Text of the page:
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Role of Magnetic Resonance Imaging in the Diagnosis of Multiple System Atrophy.

Background: Multiple system atrophy (MSA) is a rapidly progressing neurodegenerative disorder without effective disease-modifying therapies. Because of a lack of reliable diagnostic biomarkers, there has been increasing interest in using magnetic resonance imaging (MRI) to improve the diagnostic accuracy of MSA.

Methods: This review summarizes recent literatures on the role of MRI in the diagnosis of MSA.

Results: Several MRI abnormalities on conventional MRI already are included in the current diagnostic criteria for MSA. Other features on conventional MRI are also used to make a diagnosis of MSA or to rule out alternative diagnoses. On the other hand, some of the MRI findings that were previously considered suggestive of a diagnosis of MSA are now being challenged, because it turned out that they were not as specific to MSA as previously thought. More advanced MRI modalities, including susceptibility-weighted imaging, diffusion-weighted imaging, diffusion tensor imaging, voxel-based morphometry, and cortical thickness analysis, are now used to study the changes in the brains of patients with MSA. Furthermore, studies have produced promising results demonstrating the use of MRI as a tool for monitoring and assessing disease progression in MSA.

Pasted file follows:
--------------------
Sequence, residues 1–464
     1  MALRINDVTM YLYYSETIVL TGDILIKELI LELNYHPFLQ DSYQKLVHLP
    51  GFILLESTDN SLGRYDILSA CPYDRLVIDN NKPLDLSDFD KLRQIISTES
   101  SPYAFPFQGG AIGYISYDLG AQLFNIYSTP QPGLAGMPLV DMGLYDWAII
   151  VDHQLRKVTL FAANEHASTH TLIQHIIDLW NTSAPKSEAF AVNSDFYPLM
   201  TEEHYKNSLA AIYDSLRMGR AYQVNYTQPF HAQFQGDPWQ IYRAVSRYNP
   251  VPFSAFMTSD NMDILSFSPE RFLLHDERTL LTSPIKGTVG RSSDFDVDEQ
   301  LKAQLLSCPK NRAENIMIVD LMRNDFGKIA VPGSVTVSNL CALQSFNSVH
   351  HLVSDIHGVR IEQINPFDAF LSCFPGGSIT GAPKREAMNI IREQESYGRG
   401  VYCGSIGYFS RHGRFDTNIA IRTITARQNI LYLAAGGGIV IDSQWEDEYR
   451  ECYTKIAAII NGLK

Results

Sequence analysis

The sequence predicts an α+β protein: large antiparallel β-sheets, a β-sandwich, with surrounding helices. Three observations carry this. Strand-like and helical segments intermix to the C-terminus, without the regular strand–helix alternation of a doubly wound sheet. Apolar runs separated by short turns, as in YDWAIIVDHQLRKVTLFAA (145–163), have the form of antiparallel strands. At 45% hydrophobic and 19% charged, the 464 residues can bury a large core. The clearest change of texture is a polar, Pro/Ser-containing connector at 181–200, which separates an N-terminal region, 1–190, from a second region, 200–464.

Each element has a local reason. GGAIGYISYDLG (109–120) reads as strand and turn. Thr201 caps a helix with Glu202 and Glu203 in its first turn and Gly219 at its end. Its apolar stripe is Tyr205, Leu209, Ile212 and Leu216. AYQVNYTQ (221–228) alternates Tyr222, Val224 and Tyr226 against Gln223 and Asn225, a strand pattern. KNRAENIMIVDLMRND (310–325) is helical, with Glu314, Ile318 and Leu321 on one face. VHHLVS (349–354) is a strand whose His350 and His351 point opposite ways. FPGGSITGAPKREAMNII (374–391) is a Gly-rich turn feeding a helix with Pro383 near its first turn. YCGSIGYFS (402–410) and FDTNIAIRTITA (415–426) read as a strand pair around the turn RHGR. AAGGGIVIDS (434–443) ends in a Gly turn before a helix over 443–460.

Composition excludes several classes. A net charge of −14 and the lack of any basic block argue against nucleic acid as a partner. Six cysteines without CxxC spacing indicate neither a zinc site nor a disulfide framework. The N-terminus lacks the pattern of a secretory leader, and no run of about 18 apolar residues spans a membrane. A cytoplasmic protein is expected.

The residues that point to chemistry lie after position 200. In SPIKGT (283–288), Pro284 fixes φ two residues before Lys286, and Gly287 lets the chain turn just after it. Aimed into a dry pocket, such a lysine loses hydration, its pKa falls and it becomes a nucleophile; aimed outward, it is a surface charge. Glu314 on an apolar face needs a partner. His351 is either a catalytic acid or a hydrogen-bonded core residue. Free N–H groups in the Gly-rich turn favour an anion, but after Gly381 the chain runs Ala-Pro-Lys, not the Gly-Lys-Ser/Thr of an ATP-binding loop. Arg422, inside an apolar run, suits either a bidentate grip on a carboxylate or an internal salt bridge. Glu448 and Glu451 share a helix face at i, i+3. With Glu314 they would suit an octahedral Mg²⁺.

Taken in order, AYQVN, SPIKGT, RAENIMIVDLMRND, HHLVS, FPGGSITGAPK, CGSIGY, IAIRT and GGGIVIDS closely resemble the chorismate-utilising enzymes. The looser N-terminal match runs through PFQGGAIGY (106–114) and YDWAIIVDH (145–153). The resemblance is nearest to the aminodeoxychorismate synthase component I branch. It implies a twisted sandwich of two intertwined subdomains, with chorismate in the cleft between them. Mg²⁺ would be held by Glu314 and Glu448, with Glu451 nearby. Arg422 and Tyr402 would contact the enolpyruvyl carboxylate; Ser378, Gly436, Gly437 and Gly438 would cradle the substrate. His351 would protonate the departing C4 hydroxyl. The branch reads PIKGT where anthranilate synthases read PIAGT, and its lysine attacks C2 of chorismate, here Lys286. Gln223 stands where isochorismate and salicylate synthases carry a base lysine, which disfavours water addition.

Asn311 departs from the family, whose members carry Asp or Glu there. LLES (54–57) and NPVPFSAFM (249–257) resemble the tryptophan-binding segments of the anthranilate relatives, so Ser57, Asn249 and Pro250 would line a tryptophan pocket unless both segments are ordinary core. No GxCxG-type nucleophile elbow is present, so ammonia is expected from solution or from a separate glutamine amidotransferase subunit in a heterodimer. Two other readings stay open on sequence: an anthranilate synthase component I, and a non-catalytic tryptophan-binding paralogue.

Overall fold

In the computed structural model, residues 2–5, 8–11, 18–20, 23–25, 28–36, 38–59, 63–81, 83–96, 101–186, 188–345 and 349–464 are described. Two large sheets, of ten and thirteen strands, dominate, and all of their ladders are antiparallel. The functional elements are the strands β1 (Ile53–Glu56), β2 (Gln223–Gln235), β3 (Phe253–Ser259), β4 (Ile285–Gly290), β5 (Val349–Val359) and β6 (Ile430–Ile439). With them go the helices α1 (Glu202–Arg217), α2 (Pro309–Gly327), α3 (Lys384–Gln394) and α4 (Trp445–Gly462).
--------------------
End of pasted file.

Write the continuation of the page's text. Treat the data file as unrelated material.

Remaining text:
Conclusions: MRI is useful and indispensable in the diagnosis of MSA and also possibly for monitoring disease progression. In this regard, well-designed, long-term, prospective studies on large numbers of patients are needed.

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